Initiation of Thrombus Formation: Novel Role for Thiol Isomerases
A fundamental component of protein biosynthesis is the intracellular generation or isomerization of disulfide bonds by thiol isomerases. Nature has apparently borrowed, or more accurately, hijacked this enzymatic machinery to regulate the extracellular initiation of thrombus formation in injured blood vessels. Protein disulfide isomerase, a prototypic thiol isomerase, is of critical import during in vivo arterial thrombus formation. This enzyme is secreted by the stimulated endothelium and activated platelets and is captured within the growing thrombus by b3 integrins, specifically aIIbb3 on platelets and avb3 on the endothelium. Inhibition of PDI blocks both platelet thrombus formation by preventing integrin activation and fibrin generation by preventing the expression of tissue factor activity. High throughput screening of chemical libraries has identified a series of flavonoids, including quercetin, isoquercetin and quercetin rutinoside, that are potent low molecular weight inhibitors of PDI in vitro. ERp5, a PDI-like thiol isomerase, is similarly secreted by platelets and plays a role in thrombus formation in vivo. Low molecular weight thiol isomerase inhibitors block platelet thrombus formation and fibrin generation in vivo and offer a novel target for anti-thrombotic therapy. The precise mechanism by which thiol isomerases control thrombus initiation remains to be unraveled.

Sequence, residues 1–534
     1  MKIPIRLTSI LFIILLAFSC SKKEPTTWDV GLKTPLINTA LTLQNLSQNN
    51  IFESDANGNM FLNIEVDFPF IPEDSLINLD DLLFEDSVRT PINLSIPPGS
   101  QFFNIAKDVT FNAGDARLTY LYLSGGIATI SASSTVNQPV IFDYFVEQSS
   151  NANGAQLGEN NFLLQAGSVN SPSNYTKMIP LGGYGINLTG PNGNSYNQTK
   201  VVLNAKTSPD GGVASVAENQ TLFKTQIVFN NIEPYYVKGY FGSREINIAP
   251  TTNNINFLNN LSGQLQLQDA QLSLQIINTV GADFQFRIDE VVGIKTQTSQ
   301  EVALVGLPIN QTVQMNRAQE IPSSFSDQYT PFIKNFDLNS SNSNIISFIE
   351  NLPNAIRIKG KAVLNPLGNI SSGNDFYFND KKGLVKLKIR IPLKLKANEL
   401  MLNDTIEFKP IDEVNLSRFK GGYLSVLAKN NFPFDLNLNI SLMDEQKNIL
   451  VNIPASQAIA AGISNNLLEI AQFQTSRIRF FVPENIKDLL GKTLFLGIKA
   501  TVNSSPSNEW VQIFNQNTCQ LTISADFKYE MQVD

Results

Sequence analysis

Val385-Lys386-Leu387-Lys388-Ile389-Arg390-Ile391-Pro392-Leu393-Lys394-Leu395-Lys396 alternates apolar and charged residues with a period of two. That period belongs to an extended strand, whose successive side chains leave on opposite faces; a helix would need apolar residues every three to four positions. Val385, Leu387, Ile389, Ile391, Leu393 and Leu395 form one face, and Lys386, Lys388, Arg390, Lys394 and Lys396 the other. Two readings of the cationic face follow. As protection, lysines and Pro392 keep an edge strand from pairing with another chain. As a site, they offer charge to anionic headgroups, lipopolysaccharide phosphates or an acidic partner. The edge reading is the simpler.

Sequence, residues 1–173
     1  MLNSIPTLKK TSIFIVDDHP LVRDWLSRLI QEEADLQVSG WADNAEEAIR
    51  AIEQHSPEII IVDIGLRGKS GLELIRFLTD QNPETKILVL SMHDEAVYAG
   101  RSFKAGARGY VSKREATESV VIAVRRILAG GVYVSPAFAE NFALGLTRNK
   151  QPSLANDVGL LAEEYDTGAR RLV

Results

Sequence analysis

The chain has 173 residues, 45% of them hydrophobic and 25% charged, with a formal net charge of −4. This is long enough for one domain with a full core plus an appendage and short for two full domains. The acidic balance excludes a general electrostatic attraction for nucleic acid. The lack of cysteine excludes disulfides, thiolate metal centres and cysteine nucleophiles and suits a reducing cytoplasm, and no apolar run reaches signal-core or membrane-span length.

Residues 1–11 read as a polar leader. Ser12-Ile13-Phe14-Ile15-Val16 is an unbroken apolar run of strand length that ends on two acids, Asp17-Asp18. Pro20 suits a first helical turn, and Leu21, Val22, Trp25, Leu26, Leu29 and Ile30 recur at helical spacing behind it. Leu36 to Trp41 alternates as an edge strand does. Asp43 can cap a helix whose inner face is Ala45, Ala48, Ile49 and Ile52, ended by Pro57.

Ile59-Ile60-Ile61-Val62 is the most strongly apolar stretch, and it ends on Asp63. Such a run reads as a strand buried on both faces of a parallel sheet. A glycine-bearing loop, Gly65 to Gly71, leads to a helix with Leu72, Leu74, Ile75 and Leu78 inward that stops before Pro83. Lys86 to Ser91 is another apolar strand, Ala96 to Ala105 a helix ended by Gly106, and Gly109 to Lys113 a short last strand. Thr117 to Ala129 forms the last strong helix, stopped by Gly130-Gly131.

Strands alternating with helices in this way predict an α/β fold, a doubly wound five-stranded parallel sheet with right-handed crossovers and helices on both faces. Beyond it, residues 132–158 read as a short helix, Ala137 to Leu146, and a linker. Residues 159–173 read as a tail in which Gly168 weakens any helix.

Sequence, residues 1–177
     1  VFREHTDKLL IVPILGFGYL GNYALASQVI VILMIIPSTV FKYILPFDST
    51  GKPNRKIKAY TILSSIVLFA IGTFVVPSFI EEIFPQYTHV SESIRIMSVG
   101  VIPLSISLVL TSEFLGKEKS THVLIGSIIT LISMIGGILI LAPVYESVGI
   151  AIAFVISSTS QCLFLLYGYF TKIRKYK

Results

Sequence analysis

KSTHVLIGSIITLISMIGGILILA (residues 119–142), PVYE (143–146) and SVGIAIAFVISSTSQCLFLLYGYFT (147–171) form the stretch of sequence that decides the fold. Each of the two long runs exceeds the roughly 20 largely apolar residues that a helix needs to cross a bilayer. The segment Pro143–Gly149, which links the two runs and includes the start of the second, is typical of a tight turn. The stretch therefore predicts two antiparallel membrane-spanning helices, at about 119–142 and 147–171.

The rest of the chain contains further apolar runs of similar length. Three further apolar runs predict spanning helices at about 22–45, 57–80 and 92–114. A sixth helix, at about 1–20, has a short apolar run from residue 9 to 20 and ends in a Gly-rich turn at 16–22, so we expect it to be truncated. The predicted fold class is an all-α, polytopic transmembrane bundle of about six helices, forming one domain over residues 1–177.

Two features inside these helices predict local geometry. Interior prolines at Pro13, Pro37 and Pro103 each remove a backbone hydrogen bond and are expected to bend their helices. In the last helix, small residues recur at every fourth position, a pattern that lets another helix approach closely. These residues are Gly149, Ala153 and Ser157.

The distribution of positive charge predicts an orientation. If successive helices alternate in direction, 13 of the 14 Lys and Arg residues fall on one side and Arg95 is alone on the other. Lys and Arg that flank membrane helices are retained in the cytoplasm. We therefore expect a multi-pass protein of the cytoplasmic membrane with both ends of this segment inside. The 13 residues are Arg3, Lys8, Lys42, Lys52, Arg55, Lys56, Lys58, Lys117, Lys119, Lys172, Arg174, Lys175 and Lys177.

- © 2011 by American Heart Association, Inc.